Sharing files between computers and servers is an essential networking task. Thankfully, Linux’s NFS(Networked File System) makes it extremely easy. With NFS properly configured, moving files between machines is as easy as moving files around on the same machine. Since NFS functionality is built directly into the Linux kernel, it is both powerful and available on every distro, though the configuration differs slightly between them.
Setting Up The Server
Installing The PackagesLinux NFS uses the Client-Server model, so the first step in getting NFS set up is setting up the server. Because the core NFS capabilities are rooted in the kernel, there isn’t much required in the way of packages, but there are still a few regardless of the distribution as well as some configuration. Almost all major distributions have NFS enabled, so unless you’re running a custom one, it should already be set up. The next step in getting the server set up is to install the packages.
$ sudo apt-get install nfs-kernel-headers On Fedora
$ sudo yum install nfs-utils system-config-nfs
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Approx is a proxy server for Debian archive files. Having such a service within your LAN with multiple Debian like systems will provide you with number of benefits such as update speed since any update package needs to be downloaded only once. This will also lower down Internet download usage requirements, etc. This article will describe a process of approx setup for Ubuntu Linux.
As any other installation from standard Ubuntu repository, installation of the approx apt proxy server is a fairy simple process. Install the approx apt proxy server with:
$ sudo apt-get install approx
The above command will also install all prerequisites including Internet superserver inetd, which is used to invoke the approx server.
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Here's another installment of the Linux CLI basics series. This time we will deal with other interest-worthy tasks, like setting up your keyboard layout or using utilities to find files on your drive(s). We hope that the series will help you become a keyboard/terminal guru.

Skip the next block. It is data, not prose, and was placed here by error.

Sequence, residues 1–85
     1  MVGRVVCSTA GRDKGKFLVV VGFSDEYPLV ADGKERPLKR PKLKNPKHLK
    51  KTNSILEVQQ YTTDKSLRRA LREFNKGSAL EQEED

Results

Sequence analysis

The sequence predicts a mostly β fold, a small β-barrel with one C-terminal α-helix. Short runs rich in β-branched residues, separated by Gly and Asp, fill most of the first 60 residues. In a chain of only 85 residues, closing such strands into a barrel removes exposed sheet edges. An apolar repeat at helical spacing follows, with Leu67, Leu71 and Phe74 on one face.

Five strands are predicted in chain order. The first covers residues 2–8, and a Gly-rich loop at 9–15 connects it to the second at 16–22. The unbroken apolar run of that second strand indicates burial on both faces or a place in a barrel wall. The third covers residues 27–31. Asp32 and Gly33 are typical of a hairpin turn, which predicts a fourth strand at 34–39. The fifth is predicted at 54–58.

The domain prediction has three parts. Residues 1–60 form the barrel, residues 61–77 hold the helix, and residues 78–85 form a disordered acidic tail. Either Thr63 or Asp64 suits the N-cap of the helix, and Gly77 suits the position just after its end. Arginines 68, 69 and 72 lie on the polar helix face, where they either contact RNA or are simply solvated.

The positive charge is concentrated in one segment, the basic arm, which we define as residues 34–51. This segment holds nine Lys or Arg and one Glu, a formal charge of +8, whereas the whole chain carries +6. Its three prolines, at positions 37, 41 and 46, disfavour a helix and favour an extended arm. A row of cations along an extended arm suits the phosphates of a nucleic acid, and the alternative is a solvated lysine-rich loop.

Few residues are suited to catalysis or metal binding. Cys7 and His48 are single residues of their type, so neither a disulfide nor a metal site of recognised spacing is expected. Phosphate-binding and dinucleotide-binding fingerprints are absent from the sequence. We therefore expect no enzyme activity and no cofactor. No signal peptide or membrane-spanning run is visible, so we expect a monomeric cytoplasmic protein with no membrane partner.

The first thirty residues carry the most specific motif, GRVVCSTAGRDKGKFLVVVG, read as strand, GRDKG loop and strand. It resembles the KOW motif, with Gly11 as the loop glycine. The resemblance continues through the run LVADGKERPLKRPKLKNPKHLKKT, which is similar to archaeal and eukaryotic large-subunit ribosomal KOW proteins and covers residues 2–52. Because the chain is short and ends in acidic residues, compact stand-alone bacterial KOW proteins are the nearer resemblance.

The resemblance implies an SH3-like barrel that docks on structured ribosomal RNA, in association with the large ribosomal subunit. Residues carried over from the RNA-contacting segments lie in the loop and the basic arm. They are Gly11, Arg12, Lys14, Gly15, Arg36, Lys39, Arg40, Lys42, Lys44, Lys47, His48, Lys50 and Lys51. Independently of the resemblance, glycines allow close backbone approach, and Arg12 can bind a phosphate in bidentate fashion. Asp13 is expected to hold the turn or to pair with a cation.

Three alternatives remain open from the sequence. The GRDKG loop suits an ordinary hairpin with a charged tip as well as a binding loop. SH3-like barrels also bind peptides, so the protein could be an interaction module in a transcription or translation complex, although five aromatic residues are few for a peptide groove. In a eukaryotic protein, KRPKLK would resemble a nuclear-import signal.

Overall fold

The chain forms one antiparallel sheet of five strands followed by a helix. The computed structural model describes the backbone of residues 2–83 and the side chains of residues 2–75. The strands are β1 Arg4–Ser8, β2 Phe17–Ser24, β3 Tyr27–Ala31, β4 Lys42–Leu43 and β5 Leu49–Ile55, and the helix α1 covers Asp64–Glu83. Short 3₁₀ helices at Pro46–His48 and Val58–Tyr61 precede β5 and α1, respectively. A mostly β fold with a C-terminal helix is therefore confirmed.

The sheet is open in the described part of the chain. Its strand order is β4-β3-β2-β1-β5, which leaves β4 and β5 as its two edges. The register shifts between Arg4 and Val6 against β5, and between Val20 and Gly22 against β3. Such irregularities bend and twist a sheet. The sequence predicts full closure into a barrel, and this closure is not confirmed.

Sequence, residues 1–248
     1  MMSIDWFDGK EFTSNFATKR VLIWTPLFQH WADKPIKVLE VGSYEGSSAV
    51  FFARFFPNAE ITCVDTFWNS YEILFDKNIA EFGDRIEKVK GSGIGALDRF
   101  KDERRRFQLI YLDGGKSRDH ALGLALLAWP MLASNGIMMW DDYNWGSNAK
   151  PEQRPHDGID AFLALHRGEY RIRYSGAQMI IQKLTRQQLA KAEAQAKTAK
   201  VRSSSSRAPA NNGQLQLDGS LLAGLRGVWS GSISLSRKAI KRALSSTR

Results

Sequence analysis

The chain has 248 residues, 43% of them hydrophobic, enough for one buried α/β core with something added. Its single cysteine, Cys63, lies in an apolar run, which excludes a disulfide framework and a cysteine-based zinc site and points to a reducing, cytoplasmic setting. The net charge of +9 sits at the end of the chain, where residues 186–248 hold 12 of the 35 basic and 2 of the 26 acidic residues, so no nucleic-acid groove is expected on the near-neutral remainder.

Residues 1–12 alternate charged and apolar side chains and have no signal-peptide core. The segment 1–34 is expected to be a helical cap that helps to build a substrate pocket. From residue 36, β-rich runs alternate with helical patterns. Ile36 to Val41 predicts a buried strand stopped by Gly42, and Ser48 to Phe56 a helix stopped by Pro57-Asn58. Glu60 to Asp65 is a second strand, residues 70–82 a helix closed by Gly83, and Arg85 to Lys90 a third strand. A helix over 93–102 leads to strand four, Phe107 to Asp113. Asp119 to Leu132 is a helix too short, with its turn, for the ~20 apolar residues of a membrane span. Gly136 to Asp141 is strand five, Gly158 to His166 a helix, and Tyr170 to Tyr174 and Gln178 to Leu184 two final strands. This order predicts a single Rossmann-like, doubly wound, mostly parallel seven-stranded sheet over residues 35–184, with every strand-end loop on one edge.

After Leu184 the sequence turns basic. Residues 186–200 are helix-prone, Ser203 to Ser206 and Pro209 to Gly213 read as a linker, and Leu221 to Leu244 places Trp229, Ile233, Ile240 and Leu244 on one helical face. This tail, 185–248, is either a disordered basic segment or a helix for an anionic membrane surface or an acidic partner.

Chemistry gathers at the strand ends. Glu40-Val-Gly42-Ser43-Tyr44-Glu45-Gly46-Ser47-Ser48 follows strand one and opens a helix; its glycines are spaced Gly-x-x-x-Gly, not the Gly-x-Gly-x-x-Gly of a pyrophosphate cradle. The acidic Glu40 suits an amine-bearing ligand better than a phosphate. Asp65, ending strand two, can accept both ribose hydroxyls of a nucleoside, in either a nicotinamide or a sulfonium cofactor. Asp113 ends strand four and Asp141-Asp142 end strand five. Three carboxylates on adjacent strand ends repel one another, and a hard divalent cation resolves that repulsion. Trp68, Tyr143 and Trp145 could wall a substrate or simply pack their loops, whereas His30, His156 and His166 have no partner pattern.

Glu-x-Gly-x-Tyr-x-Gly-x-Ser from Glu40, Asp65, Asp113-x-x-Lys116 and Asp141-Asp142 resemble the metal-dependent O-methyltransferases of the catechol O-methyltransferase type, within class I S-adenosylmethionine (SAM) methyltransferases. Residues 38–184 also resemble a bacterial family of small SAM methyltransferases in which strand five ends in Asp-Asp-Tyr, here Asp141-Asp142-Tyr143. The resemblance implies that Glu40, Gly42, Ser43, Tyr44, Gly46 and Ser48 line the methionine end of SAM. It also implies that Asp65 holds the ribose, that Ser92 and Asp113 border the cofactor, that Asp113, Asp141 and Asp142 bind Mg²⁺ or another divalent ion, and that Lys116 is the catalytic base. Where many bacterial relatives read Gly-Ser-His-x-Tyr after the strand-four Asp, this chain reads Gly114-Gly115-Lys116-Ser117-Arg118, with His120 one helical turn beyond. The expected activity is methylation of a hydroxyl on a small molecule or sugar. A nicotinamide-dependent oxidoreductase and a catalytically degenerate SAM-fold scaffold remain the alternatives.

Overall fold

The tasks, part three
Setting the keyboard layout
When you're using some fancy desktop environment, changing the layout of your keyboard is simple and easy. A few clicks, you choose your preferred layout and maybe other localization settings and that's that. But what if you find yourself at a command-line-only machine and you have to use the machine, but the layout is set to French? The keys show a symbol but you type another and nothing works as it should. What to do? Or you decided to dump bloated GNOME or KDE for some lightweight window manager like Fluxbox. What you should use for this task strictly depends on whether you have X installed or not. If you do, the utility is called setxkbmap. If you don't you can use various tools provided by your distro (by the way, remember that we are using Ubuntu for our examples), but we will show you how to do it in terminal-only mode without depending on some distro-specific tools.
The first method shown will be the one that assumes that you have X.org installed and you're using it in conjunction with some WM, but you don't have any specific GUI tools for layout changes. As always, I recommend you take a few minutes to look over the setxkbmap manual page to get an idea of the options and general usage flags. As you can imply, the utility's name stands for "set X keyboard map". I remember using shell scripts that contained only the setxkbmap lines needed and then setting up keyboard shortcuts that invoked said scripts as needed (~/.fluxbox/keys): maybe this is a trick you will use after reading this article so that your work will become easier. That's the charm of Linux, there are virtually no limits on what you can do with it.